Another area of marked discrepancy was the utilities industry. Consumers in the Unisys survey rated utilities as the fourth most likely industry where their data would be accessed by unauthorized individuals (45%), although in the Verizon DBIR the utilities rated most safe out of the seven industries with only 10 data loss incidents reported.
Similarities: government, banking, healthcare and airlines
In terms of similarities, government and banking were rated by consumers in the Unisys survey as the second and third most likely industries where their data would be accessed by unauthorized individuals, and this correlated well with market reality of the Verizon DBIR in terms of actual data loss incidents where they were rated first and second, respectively.
Healthcare was rated in the Unisys survey as the fifth equal (tied with retailers) most likely industry where data would be accessed by unauthorized individuals, and this correlated well with the Verizon DBIR in terms of actual data loss incidents where the industry rated fourth of the seven industries within the comparison.
In addition, airlines were rated most safe among the set of industries by consumers in the Unisys survey and this corresponded well to their second place in the Verizon DBIR in terms of least data loss incidents reported (22). One of the reasons airlines scored so well, according to the Unisys survey results, was due to the fact that 19% of the respondents reported that the airlines didn’t hold their personal information.
Wild card: retail
Finally, in terms of retailers, the global comparison in the Unisys survey showed the retail industry tied for fifth place along with healthcare in terms of perception of unauthorized access, but the Verizon DBIR showed the retail industry in third place in terms of actual data loss incidents (164). Interestingly, in the U.S. alone, consumers in the Unisys survey rated retailers first in terms of most likely unauthorized access in the next 12 months, perhaps reflecting consumer awareness of the recent high-profile breaches in the industry.
Overall, based on these two reports and the seven industries that the studies had in common, consumers appeared to be on the same page in terms of perception versus reality when it came to government, banking, airlines and healthcare. This was likely due to the fact that these industries were either perennial targets for cyberattacks (government), were highly regulated (banking and healthcare), or did not hold a lot of personal information when compared with other industries (airlines).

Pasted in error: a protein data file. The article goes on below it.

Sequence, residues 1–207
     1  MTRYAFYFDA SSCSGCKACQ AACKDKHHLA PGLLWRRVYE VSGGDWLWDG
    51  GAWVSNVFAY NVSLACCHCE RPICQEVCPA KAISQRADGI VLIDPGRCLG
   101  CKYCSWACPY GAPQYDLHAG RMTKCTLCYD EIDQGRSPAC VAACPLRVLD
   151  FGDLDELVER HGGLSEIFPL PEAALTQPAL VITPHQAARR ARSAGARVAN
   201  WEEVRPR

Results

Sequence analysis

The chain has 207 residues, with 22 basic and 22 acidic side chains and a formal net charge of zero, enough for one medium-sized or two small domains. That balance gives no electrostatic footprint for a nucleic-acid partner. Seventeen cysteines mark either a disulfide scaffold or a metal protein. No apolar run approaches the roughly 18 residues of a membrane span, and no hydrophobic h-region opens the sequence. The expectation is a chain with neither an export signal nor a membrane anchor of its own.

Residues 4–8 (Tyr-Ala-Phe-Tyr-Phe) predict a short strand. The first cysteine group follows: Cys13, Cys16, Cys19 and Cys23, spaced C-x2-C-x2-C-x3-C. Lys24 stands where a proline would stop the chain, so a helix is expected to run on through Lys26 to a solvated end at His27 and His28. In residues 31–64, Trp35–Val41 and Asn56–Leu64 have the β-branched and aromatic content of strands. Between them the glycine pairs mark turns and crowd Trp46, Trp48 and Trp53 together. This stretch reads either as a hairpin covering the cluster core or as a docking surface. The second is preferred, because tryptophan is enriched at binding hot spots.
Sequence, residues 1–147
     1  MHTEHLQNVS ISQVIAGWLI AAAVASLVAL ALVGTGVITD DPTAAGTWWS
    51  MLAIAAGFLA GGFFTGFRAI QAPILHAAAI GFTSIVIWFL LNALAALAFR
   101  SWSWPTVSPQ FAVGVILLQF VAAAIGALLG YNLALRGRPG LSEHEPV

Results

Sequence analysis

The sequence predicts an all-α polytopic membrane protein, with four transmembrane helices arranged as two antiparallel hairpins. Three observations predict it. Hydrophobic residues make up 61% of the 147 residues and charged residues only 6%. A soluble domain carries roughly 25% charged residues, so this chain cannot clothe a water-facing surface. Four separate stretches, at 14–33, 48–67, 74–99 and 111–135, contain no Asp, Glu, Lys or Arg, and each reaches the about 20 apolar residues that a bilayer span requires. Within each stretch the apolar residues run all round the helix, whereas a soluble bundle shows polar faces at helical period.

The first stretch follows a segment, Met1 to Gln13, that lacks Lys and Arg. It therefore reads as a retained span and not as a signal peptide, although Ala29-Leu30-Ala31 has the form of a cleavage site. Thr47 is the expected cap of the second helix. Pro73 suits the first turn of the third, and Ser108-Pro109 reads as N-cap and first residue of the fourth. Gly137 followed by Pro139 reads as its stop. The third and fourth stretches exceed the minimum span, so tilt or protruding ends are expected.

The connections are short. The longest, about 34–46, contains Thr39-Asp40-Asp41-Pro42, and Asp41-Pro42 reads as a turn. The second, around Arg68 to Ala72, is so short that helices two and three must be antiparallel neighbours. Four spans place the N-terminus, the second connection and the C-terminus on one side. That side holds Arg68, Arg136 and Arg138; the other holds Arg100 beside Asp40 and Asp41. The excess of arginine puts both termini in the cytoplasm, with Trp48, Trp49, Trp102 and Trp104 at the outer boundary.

Where consumers differed in their perception versus market reality was in telcos and utilities. This was likely due to consumer sensitivity in terms of not just personal data loss arising from a security breach, but personal data exposure in the form of unauthorized access either accidentally or deliberately. In other words, consumers’ high sensitivity to interception of communications, particularly for telcos, raised their industry rankings for likelihood of unauthorized access even if the actual number of data loss incidents was low. Finally, utilities have a very low number of data loss incidents and just need to do more to promote this fact and raise awareness among consumers.
The lesson learned for corporations is to continue to share information with your customers about how you secure their personal information and safeguard their privacy. Even if your particular industry has a somewhat tarnished reputation from high-profile breeches, there’s a lot you can do to reassure your customers about the steps your particular brand has already taken.
One of the keys to success in digital business is in building trust with consumers and creating a win-win value proposition so when they share information with you, they get something in return. By enhancing efforts to secure their personal information and safeguard their privacy, you can build further trust and open the door for even more of these win-win scenarios.